- 3 September 1965 (Creation)
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Born: 07 May 1922, Menlough, County Galway
Entered: 07 October 1945, St Mary's, Emo, County Laois
Ordained: 28 July 1955, Milltown Park, Dublin
Final Vows: 02 February 1963, Belvedere College SJ, Dublin
Died: 20 January 1968, Mater Hospital, Dublin
Part of the Belvedere College SJ, Dublin community at the time of death
◆ Fr Francis Finegan SJ : Admissions 1859-1948 - B.E and BSc at UCG before entry
In 1968 the galloping cancer which killed 46-year-old Tom Scully SJ must have been nourished by the tension in which he lived: between the demands of full-time science teaching in Belvedere, demands that were sharpened by an exigent headmaster, and the needs of the poor which Tom saw outside his door. When he died, the flats which he had funded and planned for the aged poor and for newly weds, were given his name. They have served their purpose for forty years, and now, they are being tossed with a view to replacement. https://www.jesuit.ie/news/father-scully-house-comes-down/
◆ Irish Province News
Irish Province News 43rd Year No 2 1968
On January 20th, Fr. Tom Scully who had been in the Mater Hospital for about three weeks, passed quietly away. For the previous fortnight he had suffered a great deal but remained ever cheerful at all times. Right up to the end he showed an active interest in all college affairs. The day before he died a group of the boys (from one of the three St. Vincent de Paul Conferences which he directed) visited him and he wished to know whether certain cases had been visited during his absence. On the same day he spoke to Fr. Rector in a moving way of his appreciation of the charity and kindness of the community to him and stressed how much he was indebted to them. His passing will leave a great void to be filled not only in the various activities in which he immersed himself in the College, but also in his St. Anne's Housing Aid Society which was his brain-child and of which he was the mentor in all its developments, material and financial.
January 23rd. Requiem Mass for Fr. Scully at which practically all the school participated. It was one of the largest funerals from Gardiner St. for some time with representatives from all walks of life. Various tributes to him appeared in the Press, all written in the same key - “to the memory of a kind and gentle Priest”. It is only since his death that we realise what a prodigious amount of work he fitted into his already overcrowded daily schedule. R.I.P.
Fr Thomas Scully SJ (1922-1968)
A writer of obituaries is often faced with the task of reconciling kindness with the truth. In writing of Tom Scully no such problem arises. To say that he was an exemplary religious, loved by his family and his friends, popular in Belvedere both among the community and the boys, cherished by those who shared his social work is not a kindly half truth, masking the darker side of his character. There simply was no dark side to Tom's character. Doubtless being human, he had his faults but they were mere trifling imperfections that flesh and blood must live with and accept.
Tom was born in Menlough, Co. Galway in May 1922. He attended the local National School and then spent a very happy period in secondary school at St. Joseph's, Ballinasloe. He was immensely proud of being educated at St. Joseph's, now called Garbally Park, and often remarked on the happy casualness of school life there in the golden thirties.
At U.C.G. he took, without undue effort his B.Sc, as well as a degree in civil engineering. He enjoyed the University, especially its social life, picking up at this time the bad habit of being a very good card player.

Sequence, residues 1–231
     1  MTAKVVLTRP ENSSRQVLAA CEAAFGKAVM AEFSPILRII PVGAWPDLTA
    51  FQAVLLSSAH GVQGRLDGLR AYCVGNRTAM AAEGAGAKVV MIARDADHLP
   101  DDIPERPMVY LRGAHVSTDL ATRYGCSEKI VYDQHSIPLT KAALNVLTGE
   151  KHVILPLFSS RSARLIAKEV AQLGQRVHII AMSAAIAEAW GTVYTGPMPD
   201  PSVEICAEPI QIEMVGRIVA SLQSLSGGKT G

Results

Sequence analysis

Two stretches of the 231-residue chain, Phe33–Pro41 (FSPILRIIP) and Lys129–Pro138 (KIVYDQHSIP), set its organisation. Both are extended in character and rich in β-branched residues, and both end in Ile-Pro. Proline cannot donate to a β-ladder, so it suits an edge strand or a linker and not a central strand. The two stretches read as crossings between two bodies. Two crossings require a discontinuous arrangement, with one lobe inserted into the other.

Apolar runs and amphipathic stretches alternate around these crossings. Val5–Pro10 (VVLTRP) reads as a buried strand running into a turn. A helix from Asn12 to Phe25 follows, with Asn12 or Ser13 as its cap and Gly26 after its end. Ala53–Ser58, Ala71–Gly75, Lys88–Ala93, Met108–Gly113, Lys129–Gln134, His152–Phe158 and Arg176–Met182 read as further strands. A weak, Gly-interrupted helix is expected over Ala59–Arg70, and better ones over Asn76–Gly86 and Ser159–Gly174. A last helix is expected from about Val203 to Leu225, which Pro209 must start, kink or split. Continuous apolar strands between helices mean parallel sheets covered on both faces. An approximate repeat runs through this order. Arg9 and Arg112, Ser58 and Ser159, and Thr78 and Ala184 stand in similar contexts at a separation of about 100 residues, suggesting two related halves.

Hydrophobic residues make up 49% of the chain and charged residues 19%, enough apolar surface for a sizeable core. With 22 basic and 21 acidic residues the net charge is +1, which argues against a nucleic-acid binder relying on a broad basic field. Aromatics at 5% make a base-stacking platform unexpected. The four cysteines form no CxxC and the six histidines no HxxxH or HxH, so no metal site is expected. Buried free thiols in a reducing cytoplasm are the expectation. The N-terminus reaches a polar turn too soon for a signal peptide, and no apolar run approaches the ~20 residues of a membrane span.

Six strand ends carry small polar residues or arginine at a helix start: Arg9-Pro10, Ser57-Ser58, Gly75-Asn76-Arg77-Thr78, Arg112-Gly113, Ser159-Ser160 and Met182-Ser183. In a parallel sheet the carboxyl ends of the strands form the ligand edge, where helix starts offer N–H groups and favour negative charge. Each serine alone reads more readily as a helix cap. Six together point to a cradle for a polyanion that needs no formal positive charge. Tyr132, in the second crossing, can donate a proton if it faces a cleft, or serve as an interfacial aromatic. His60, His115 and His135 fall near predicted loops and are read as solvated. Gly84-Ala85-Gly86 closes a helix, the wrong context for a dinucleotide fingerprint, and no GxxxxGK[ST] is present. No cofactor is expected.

After leaving the University, he spent some time as an engineer in the Board of Works, before being appointed an Assistant County Surveyor for Co. Wicklow.
He entered the Society in October 1945, taking in his stride the traditional noviceship regime, which is now in process of being changed. In Tullabeg he enjoyed life greatly, philosophy, his new companions, card playing, talking, walking, boating, designing and building a swimming pool, in fact the lot! He was by temperament a Celt, but of the cheerful variety, full of fire and fun, quick and clever in everything, a strong personality with a most unCeltlike ability to control his moods. In this, he was helped by his temperament which was basically optimistic and cheerful.
He spent two years in the Crescent as a scholastic. He found teaching no problem, enjoyed the boys and in a different sort of way, the community. He had some good stories about those days, featuring the escapades of a bizarre contemporary, still alive, but alas no longer with us.
In Milltown he worked conscientiously, passed all the exams, accepted all the doctrines, had no doubts as far as one could see, played his game of bridge once a week and above all remained the same, vivacious, lively and reliable. He was, perhaps, by nature a conservative. He respected and admired the religious traditions of his country and in a sense it could be said that his piety was more Irish than Jesuit, more redolent of Croagh Patrick and Lough Derg than Farm Street or, dare we say it, Milltown Park.
He spent almost his last ten years in Belvedere as science master and had become one of the pillars of that great college. He taught his classes with great care and was respected by all his students. One of the greatest signs of his interest in teaching was the way in which he successfully obtained his H.Dip. in Ed. only two years ago. Some years previous to that he went to America for a summer-course in the teaching of science. The tidiness of the physics laboratory and his care of its instruments were other indications of his deep love for this work. His devotion to the school was very real, he liked both the community and the boys and greatly admired the past pupils, especially those in the Vincent de Paul Society and the Newsboys Club. He showed many of the signs of that devotion, varying from a certain deep contentment in his surroundings to a shared sympathy in all the joys and sorrows of the school. His intelligence, however, tempered the narrowing effects of devotion and he retained to the end a genuine interest not only in the other schools of the Society but in all the problems peculiar to Irish education.